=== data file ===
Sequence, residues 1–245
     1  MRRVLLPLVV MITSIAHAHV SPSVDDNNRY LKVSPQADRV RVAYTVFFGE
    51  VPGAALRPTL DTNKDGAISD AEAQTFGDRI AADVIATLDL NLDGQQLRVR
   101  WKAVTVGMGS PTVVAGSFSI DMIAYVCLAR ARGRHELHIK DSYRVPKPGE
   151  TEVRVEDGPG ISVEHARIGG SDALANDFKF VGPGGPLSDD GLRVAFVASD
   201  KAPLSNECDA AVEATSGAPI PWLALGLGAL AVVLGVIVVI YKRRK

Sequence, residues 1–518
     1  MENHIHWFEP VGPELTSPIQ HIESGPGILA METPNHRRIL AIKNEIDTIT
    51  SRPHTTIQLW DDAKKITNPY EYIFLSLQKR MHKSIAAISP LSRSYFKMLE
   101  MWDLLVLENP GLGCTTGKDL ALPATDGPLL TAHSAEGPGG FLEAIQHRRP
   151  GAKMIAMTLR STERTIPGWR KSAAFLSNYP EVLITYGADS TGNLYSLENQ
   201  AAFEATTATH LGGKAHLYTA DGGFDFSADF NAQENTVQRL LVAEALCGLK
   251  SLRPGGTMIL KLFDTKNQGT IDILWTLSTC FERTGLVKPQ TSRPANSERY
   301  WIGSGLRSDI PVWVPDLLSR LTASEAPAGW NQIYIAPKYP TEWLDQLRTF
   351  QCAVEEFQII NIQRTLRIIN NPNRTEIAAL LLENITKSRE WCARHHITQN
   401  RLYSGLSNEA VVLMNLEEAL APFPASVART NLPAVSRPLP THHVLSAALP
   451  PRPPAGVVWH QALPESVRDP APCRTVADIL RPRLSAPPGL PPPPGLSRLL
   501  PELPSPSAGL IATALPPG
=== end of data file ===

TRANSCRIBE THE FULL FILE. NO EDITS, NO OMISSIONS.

Sequence, residues 1–245
     1  MRRVLLPLVV MITSIAHAHV SPSVDDNNRY LKVSPQADRV RVAYTVFFGE
    51  VPGAALRPTL DTNKDGAISD AEAQTFGDRI AADVIATLDL NLDGQQLRVR
   101  WKAVTVGMGS PTVVAGSFSI DMIAYVCLAR ARGRHELHIK DSYRVPKPGE
   151  TEVRVEDGPG ISVEHARIGG SDALANDFKF VGPGGPLSDD GLRVAFVASD
   201  KAPLSNECDA AVEATSGAPI PWLALGLGAL AVVLGVIVVI YKRRK

Sequence, residues 1–518
     1  MENHIHWFEP VGPELTSPIQ HIESGPGILA METPNHRRIL AIKNEIDTIT
    51  SRPHTTIQLW DDAKKITNPY EYIFLSLQKR MHKSIAAISP LSRSYFKMLE
   101  MWDLLVLENP GLGCTTGKDL ALPATDGPLL TAHSAEGPGG FLEAIQHRRP
   151  GAKMIAMTLR STERTIPGWR KSAAFLSNYP EVLITYGADS TGNLYSLENQ
   201  AAFEATTATH LGGKAHLYTA DGGFDFSADF NAQENTVQRL LVAEALCGLK
   251  SLRPGGTMIL KLFDTKNQGT IDILWTLSTC FERTGLVKPQ TSRPANSERY
   301  WIGSGLRSDI PVWVPDLLSR LTASEAPAGW NQIYIAPKYP TEWLDQLRTF
   351  QCAVEEFQII NIQRTLRIIN NPNRTEIAAL LLENITKSRE WCARHHITQN
   401  RLYSGLSNEA VVLMNLEEAL APFPASVART NLPAVSRPLP THHVLSAALP
   451  PRPPAGVVWH QALPESVRDP APCRTVADIL RPRLSAPPGL PPPPGLSRLL
   501  PELPSPSAGL IATALPPG